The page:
The Man | Full Movie

The Man
  • PG-13
  • 1h 23m
  • 2005
Rotten12%
Common Sense Media Iconage 16+
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When Andy Fiddler (Eugene Levy - American Pie films, Bringing Down The House), a clueless, mild-mannered dental-supply salesman, accidentally stumbles into the middle of an undercover operation headed by ATF (Bureau of Alcohol, Tobacco, Firearms and Explosives) agent Derrick Vann (Samuel L. Jackson - Pulp Fiction, S.W.A.T.), he finds himself forcibly partnered with Vann for the duration of a perilous investigation into an illegal arms-dealing ring in the action-packed comedy The Man.

Rotten Tomatoes® Score

TOMATOMETER®
Rotten12%
Critics Consensus: Despite the steely presence of Samuel L. Jackson and the comic timing of Eugene Levy, The Man's plot is pointless and its jokes rehashed, as it ends up playing out like the Odd Couple with gas.
Reviews
Ebert & Roeper
Richard Roeper
Rotten

So tired.

June 21, 2017
Denver Rocky Mountain News
Robert Denerstein
Rotten

June 21, 2017
USA Today
Claudia Puig
Rotten

In Roy Orbison terms, enduring this movie is like working for The Man.

June 21, 2017
Seattle Times
Ted Fry
Rotten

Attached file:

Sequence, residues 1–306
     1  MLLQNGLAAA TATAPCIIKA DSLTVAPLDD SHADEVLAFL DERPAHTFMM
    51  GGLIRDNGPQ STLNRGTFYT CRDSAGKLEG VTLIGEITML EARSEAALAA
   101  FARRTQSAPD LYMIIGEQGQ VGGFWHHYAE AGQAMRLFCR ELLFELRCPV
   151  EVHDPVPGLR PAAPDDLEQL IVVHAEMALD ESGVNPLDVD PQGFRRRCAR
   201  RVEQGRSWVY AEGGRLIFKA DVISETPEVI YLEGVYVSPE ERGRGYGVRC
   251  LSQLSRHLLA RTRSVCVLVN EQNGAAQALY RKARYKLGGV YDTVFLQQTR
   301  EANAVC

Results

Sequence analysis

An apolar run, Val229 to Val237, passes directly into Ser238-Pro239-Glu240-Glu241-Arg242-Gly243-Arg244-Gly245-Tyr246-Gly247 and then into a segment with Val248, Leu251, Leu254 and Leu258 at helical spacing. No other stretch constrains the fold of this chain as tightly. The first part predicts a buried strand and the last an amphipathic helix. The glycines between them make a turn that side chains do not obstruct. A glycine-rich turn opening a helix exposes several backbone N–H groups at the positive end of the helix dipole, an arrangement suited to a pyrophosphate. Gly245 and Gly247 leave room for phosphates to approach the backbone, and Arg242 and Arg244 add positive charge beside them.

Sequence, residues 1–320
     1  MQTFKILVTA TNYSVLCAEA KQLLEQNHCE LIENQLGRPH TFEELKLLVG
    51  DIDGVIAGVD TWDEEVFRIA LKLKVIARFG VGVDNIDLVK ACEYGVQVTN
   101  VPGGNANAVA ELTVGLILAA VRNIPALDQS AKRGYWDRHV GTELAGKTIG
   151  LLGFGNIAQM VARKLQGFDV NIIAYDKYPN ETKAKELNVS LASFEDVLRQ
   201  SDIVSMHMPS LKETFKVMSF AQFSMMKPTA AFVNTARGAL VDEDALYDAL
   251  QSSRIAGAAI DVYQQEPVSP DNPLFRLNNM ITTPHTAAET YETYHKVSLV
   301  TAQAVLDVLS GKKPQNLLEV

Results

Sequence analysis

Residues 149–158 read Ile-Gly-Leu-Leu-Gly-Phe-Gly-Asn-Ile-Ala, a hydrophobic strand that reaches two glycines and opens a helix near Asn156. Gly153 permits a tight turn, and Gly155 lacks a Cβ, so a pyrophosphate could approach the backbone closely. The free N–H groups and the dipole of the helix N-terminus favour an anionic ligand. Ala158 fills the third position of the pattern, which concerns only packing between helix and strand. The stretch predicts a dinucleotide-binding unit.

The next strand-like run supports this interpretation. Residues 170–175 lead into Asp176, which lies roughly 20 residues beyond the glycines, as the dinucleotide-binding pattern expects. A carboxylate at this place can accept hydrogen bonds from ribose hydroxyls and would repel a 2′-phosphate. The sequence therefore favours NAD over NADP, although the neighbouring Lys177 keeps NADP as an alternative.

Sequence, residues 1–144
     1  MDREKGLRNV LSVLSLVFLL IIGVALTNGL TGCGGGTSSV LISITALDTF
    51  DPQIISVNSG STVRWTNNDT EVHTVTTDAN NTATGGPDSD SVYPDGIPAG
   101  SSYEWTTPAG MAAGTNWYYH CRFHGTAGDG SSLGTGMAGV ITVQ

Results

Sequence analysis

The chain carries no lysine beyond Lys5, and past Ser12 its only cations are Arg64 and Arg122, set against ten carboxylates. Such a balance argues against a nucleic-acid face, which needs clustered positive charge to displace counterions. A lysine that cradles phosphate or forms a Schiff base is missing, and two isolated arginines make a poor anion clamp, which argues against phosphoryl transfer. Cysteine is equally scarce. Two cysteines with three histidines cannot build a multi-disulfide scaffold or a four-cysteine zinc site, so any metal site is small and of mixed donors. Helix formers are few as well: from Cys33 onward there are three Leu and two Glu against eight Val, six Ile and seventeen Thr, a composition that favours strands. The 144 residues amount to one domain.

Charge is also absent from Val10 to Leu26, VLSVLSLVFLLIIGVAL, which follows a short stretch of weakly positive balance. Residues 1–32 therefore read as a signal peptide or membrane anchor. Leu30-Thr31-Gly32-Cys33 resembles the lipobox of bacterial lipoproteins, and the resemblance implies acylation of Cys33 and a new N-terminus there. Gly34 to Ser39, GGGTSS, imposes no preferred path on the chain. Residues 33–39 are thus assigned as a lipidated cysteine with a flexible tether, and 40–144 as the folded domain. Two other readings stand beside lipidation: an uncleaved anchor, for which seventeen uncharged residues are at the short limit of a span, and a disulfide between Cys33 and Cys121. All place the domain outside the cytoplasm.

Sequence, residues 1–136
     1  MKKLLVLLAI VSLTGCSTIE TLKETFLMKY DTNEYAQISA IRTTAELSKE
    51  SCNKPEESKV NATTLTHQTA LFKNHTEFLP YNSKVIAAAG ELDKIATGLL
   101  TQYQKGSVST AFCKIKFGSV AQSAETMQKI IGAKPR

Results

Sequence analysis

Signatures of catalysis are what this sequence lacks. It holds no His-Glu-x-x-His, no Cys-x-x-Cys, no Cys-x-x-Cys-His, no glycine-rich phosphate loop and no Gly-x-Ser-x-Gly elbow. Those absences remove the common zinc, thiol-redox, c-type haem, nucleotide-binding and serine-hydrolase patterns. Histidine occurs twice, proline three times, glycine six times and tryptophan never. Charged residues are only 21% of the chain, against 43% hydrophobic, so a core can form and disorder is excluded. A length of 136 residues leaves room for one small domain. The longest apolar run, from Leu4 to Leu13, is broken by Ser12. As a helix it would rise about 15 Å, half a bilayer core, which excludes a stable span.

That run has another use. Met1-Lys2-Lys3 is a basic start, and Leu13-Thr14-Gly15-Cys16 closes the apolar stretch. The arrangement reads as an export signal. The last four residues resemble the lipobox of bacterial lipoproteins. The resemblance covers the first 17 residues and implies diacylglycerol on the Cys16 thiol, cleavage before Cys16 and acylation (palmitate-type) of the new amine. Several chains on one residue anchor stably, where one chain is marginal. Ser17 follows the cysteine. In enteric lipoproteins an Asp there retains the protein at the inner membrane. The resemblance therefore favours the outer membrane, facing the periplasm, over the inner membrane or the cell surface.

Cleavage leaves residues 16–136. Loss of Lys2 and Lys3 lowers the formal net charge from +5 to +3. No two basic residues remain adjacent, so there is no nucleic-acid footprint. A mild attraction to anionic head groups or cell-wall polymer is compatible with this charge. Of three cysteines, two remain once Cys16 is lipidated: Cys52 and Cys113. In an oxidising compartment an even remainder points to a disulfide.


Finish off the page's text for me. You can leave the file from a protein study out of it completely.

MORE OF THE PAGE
At a zippy 83 minutes (including an ingenious title sequence that sets up the crime), The Man coul...

June 21, 2017
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Common Sense Media

Common Sense Media Iconage 16+
Common Sense Says
Sad excuse for a movie, not for younger teens.

What Parents Need to Know

Parents need to know that The Man features crude humor and ridiculous violence, involving vehicle crashes and physical abuses (trash can lids and phone books slammed into heads, and various other brutalities staged as comedy). The film premises much of its humor on the imbalance between the timid Midwestern salesman and the tough Detroit cop, including repeated discussions of who is whose "bitch" (a term also heard in a hip-hop song on the soundtrack), and other definitions of masculine prowess. The villains -- including an arrogant, young British boss -- are excessively violent as well, shooting a noncompliant client on the toilet. One black character threatens to beat another "like a runaway slave." The film includes brief gross images of bad teeth (during a presentation at a dental appliance convention), dead bodies, bad language (especially combinations of "ass," "s--t," and "f--k"), and fart/flatulence jokes. Characters smoke and drink, sell drugs.

A Lot or A Little?

The parents’ guide to what’s in this movie.
Positive Messages
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Violence
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Sex
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Language
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Consumerism
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Drinking, Drugs & Smoking
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Additional Info

  • Genre:Comedy
  • Release Date:September 9, 2005
  • Highest Available for Purchase:HD

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